You likely know the Tour de France bike race consists of 21 day-long segments over a 23-day period and covers around 2,200 miles. Here’s a fun fact about the Tour: the smallest winning margin in the history of the race was 8 seconds by American Greg LeMond in 1989.
Can you imagine? After 23 grueling days, mere seconds separate victory and second place.
Pastoring is not a competitive sport like the Tour de France, of course. Yet, the landscape in which ministry takes place continually changes and the challenges of pastoring are real and many. Today’s pastors report greater tendencies towards stress and burnout. Navigating change, managing expectations, dealing with conflict and reaching the unchurched requires that pastors operate at their peak.
Pastors need every bit of “edge” they can get. Winning sometimes comes down to incremental improvements. Eight seconds, in the case of the Tour, can make the difference.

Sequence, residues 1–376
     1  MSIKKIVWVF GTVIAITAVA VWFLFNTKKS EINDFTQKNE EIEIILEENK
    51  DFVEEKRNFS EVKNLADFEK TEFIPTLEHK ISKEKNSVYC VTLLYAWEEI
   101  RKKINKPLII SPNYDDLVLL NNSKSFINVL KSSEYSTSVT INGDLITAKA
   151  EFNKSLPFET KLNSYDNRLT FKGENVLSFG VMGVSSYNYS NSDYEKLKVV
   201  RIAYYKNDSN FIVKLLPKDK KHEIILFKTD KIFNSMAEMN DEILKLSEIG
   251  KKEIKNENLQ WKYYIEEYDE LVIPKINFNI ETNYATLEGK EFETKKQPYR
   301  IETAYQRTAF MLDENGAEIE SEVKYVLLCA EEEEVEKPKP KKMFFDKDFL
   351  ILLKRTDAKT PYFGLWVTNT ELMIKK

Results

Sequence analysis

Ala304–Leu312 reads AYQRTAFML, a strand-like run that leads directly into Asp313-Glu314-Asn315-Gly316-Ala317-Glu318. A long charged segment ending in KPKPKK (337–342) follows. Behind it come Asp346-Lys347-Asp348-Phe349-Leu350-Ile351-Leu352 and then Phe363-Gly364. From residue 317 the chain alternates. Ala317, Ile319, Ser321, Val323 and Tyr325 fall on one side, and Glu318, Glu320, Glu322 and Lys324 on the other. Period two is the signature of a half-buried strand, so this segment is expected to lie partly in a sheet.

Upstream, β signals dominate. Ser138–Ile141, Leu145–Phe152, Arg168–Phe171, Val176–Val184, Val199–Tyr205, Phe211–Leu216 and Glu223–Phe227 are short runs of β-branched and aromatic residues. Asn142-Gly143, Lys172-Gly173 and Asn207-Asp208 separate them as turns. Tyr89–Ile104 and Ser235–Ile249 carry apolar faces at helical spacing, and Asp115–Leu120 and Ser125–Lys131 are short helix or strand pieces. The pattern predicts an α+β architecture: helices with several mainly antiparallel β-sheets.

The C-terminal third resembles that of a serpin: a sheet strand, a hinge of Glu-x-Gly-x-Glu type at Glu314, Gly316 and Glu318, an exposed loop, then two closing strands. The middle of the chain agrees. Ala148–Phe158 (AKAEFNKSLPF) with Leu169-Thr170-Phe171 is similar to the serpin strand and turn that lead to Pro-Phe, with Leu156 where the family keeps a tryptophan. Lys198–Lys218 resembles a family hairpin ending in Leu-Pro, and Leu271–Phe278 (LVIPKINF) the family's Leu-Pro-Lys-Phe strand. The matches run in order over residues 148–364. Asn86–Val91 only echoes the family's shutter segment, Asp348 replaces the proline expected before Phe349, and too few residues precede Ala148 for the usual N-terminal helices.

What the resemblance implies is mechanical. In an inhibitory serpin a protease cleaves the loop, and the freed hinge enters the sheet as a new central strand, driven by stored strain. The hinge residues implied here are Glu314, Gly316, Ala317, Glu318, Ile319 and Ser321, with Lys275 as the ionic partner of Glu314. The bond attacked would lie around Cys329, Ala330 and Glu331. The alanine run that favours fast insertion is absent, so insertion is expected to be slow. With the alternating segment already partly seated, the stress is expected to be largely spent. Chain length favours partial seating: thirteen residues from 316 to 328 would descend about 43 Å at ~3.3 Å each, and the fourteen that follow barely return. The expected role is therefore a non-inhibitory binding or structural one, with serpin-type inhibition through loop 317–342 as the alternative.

That’s why after publishing my blog on emotional intelligence for pastors over a year now but never naming it, I’ve decided to call it The Leader’s Edge.
Fact is, development of stronger emotional intelligence provides an edge for leaders. I don’t suggest emotional intelligence is all you need; far from it. However, I do state emphatically that emotional intelligence provides a real advantage in pastoral leadership.
Research – both mine and others – demonstrates that emotional intelligence brings increased ability to manage relationships, create teamwork, manage stress, and lead turnaround churches!
Here’s a formula:
↑Emotional Intelligence = ↑Success in managing relationships + ↓Stress
Since ministry occurs in a volunteer organizations among people with varied personalities and expectations, it makes sense that increasing your ability to influence people gives you an extra edge!
Why do I care? Because anything I can do to strengthen your leadership, support your efforts, or help you fulfill your leadership potential brings me closer to the fulfillment of my own vision: “to positively impact the kingdom of God via strengthening pastors and leaders”.
So, that’s my perspective. But what aspects of life and leadership do you feel leaders today must develop?